‘The new prospective-only quashing order reform proposed by clause 1(1)(29A)(1)(b) of the Judicial Review and Courts Bill 2021 implicates the Rule of Law. That much seems to be a matter of general agreement. But commentators drastically disagree on how it does so. Three contrasting positions on the relationship between prospective quashing and the Rule of Law have emerged: (1) that prospective-only quashing offends the Rule of Law; (2) that the technique enhances judicial flexibility without undermining the Rule of Law; and (3) that prospective-only quashing enhances the Rule of Law.’

Full Story

UK Constitutional Law Association, 23rd November 2021

Source: ukconstitutionallaw.org

Mike Gordon: A Statutory Basis for the Ministerial Code – the Challenges – UK Constitutional Law Association

‘With the UK in the midst of its latest political corruption crisis, the question of the (in)adequacy of the current infrastructure concerning standards in public life is once more in the spotlight. Immediately prior to the parliamentary farce over the Owen Paterson lobbying affair, the Committee on Standards in Public Life published a significant report, Upholding Standards in Public Life: Final Report of the Standards Matter 2 Review (November 2021), outlining a number of potential changes to the system for holding politicians to account for their conduct. This blog post focuses on one of the Committee’s recommendations: that the Ministerial Code be provided with a statutory basis through a ‘requirement for the Prime Minister to issue the Ministerial Code’ being ‘enshrined in primary legislation’ (Recommendation 4).’

Full Story

UK Constitutional Law Association, 16th November 2021

Source: ukconstitutionallaw.org

Jason Varuhas: Remedies Reform Part 2: Discretionary Factors – UK Constitutional Law Association

Posted November 12th, 2021 in bills, constitutional law, judicial review, news, parliament, public interest by tracey

‘This is the second in a series of two posts on the remedial reforms proposed in the Judicial Review and Courts Bill (2021), which provide for courts in judicial review proceedings to grant suspended and prospective-only quashing orders.’

Full Story

UK Constitutional Law Association, 9th November 2021

Source: ukconstitutionallaw.org

Jason Varuhas: Remedial Reform Part 1: Rationale – UK Constitutional Law Association

Posted November 12th, 2021 in bills, constitutional law, judicial review, news, parliament, Supreme Court by tracey

‘This is the first of two posts on the remedial reforms proposed in the Judicial Review and Courts Bill. If passed, the reforms will make statutory provision for courts in judicial review proceedings to grant suspended and prospective-only quashing orders.’

Full Story

UK Constitutional Law Association, 3rd November 2021

Source: ukconstitutionallaw.org

George Peretz QC: The Subsidy Control Bill: Part II – Application to legislation, questions & concerns – UK Constitutional Law Association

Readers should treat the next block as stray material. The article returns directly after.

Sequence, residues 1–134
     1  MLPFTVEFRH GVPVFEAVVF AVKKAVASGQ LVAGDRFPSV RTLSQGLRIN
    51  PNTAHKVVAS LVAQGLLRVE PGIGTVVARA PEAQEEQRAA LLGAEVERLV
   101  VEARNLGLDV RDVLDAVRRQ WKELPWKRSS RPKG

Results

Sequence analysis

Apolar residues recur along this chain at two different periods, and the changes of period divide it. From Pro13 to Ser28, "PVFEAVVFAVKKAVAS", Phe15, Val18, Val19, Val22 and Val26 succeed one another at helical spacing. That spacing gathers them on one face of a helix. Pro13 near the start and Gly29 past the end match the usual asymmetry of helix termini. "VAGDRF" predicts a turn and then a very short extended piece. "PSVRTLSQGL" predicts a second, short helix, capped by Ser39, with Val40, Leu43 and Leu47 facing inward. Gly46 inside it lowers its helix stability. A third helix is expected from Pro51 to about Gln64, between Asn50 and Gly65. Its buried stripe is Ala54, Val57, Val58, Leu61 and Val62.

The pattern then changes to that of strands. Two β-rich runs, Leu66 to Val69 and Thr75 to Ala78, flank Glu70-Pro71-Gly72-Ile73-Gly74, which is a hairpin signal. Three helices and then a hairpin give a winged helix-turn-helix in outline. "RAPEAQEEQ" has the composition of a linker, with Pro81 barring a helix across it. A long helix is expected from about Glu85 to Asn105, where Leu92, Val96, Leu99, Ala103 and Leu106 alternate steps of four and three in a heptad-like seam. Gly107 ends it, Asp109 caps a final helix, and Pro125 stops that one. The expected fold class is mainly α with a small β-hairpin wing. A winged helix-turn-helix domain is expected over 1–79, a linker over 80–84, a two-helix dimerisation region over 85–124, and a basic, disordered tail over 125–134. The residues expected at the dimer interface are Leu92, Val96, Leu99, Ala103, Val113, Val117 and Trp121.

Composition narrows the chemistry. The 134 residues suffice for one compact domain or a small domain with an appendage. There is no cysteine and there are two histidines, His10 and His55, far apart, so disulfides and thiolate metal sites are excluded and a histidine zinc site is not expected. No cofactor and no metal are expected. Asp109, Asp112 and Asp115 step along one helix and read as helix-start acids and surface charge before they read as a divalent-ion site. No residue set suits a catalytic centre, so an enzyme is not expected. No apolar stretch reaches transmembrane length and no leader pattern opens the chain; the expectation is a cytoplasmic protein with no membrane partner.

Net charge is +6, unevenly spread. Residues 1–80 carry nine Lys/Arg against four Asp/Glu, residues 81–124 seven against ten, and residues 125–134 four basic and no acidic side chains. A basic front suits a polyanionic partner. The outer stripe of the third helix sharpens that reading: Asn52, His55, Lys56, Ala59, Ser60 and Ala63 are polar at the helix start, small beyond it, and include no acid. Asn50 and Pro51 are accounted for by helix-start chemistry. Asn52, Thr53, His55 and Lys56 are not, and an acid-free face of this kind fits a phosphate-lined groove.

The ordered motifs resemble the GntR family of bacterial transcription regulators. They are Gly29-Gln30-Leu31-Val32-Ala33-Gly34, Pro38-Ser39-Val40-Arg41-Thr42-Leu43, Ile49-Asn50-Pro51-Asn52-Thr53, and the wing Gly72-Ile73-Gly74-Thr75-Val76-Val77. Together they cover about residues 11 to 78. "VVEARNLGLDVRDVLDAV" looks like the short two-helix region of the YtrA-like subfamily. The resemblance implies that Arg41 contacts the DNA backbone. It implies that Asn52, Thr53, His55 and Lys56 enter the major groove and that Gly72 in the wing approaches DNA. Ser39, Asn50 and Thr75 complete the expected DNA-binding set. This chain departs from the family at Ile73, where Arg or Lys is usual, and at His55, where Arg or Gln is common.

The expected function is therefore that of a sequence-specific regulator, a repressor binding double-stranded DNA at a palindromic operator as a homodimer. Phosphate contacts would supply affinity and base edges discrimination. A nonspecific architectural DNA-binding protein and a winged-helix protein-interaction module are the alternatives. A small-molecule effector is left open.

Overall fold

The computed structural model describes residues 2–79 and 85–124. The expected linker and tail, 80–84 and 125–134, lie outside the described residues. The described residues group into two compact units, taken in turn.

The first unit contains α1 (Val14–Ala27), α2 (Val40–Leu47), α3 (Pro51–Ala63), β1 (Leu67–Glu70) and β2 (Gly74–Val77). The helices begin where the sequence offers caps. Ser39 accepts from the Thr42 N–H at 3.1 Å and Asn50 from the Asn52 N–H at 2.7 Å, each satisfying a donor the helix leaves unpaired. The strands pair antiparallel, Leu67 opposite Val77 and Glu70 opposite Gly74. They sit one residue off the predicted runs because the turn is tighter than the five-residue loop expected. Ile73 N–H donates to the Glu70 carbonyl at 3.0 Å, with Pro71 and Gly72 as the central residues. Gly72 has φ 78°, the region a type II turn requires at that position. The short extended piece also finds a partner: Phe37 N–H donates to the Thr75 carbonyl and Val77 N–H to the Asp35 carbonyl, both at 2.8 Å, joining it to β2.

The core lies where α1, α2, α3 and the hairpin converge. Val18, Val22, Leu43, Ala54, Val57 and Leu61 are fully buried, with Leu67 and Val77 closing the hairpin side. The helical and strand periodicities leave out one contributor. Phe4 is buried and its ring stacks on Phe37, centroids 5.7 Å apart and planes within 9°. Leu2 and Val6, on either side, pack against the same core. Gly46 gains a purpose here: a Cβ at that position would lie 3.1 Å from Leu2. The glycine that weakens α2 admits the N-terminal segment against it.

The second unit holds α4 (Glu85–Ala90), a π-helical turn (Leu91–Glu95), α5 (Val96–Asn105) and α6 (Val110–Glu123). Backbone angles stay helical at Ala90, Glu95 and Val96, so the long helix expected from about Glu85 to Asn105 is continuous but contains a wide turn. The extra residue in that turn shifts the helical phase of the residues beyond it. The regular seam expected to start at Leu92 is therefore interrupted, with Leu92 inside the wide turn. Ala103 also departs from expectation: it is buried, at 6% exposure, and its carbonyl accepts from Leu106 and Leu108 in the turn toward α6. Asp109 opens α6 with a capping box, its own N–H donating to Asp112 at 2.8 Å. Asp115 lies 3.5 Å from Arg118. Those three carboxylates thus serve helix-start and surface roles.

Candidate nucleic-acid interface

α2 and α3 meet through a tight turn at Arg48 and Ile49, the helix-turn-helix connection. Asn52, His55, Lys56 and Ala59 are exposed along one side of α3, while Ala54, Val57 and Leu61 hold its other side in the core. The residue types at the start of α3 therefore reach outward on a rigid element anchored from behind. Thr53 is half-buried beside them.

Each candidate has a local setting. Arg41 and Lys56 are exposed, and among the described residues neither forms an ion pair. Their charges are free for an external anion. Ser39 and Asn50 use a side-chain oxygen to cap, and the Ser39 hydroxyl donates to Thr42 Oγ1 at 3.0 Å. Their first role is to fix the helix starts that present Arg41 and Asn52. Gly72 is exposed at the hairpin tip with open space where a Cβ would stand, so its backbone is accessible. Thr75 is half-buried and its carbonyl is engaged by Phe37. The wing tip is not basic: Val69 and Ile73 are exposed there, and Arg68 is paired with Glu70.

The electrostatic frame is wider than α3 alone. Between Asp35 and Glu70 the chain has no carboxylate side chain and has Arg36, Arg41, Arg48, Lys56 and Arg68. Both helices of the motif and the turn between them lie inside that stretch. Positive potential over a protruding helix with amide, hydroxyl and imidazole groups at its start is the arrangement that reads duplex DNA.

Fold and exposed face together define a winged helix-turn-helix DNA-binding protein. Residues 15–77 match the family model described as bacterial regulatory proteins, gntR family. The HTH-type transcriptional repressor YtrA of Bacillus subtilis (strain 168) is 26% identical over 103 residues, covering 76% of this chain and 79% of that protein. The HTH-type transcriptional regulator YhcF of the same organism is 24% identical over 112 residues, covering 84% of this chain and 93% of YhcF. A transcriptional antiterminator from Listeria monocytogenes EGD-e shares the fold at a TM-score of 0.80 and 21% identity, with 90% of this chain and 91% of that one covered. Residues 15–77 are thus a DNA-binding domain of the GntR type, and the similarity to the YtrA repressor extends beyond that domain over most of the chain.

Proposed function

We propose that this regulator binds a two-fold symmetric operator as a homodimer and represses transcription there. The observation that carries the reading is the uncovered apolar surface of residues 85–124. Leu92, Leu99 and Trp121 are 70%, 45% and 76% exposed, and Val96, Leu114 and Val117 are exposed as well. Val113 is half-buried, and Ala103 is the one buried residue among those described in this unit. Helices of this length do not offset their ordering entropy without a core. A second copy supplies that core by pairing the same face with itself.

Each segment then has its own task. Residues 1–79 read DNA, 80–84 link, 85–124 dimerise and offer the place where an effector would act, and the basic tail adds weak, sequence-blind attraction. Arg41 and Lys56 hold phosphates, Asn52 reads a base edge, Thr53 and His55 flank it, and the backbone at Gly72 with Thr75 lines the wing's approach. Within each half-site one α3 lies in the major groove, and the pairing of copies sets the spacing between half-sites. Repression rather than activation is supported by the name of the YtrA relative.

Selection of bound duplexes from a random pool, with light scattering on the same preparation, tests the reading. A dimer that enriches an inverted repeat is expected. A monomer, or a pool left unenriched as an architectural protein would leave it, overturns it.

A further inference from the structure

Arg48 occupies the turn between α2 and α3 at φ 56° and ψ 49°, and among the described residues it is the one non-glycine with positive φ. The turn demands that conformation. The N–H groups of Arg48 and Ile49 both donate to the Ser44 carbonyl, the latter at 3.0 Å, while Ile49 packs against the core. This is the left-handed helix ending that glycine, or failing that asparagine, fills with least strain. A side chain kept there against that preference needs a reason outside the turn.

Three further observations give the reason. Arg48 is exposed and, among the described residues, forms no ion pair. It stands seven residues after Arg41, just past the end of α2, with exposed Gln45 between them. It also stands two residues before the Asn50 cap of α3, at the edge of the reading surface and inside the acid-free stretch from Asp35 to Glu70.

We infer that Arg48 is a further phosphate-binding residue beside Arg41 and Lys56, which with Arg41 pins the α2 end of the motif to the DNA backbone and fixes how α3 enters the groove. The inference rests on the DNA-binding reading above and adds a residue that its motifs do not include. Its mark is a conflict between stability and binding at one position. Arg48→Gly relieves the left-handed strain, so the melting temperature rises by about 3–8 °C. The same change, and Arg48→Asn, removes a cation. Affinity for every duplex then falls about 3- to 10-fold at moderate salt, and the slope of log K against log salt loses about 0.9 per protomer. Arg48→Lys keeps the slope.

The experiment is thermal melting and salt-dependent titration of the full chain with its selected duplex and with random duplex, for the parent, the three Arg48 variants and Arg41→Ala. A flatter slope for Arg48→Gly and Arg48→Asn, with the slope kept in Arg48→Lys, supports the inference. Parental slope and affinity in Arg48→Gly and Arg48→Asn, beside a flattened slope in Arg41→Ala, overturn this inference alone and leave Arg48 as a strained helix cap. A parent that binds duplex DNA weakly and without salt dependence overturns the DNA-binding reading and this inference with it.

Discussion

Posted October 29th, 2021 in bills, constitutional law, judicial review, news, parliament, state aids by tracey

‘In the first part of this post, I set out the structure of the Subsidy Control Bill. This post looks at how it applies to legislation and at some questions and concerns about enforcement and judicial review.’

Full Story

UK Constitutional Law Association, 29th October 2021

Source: ukconstitutionallaw.org

Lord Hodge, The Scope of Judicial Law-making in Constitutional Law and Public Law – Supreme Court

‘The scope of judicial law-making in constitutional law and public law.’

Full speech

Supreme Court, 27th October 2021

Source: www.supremecourt.uk

George Peretz QC: The Subsidy Control Bill: Part I – A new public law regime – UK Constitutional Law Association

Posted October 28th, 2021 in bills, competition, constitutional law, judicial review, news, state aids, tribunals by sally

‘The Subsidy Control Bill, now going through the House of Commons, creates the domestic replacement for the EU State aid regime. So it might be regarded as legislation of interest only to those who reside in the land of competition law: a distant land of which State aid law is a particularly exotic and remote peninsula. Any such view would, however, be profoundly wrong. On the contrary, the Bill sets up a new type of public litigation, covering a very wide range of public authority decisions, that should be of considerable interest to public lawyers and its application to legislation will be of interest to constitutional lawyers as well.’

Full Story

UK Constitutional Law Association, 28th October 2021

Source: ukconstitutionallaw.org

Attorney General hits out at rise in “political litigation” and defends reforms to judicial review – Local Government Lawyer

Posted October 21st, 2021 in attorney general, constitutional law, judicial review, judiciary, news, parliament by sally

‘The last decade or so has demonstrated an increased appetite for political litigation, “and, more worryingly, an appetite for putting judges in an invidious position”, by asking them to decide essentially political matters on applications for judicial review, the Attorney General has claimed.’

Full Story

Local Government Lawyer, 20th October 2021

Source: www.localgovernmentlawyer.co.uk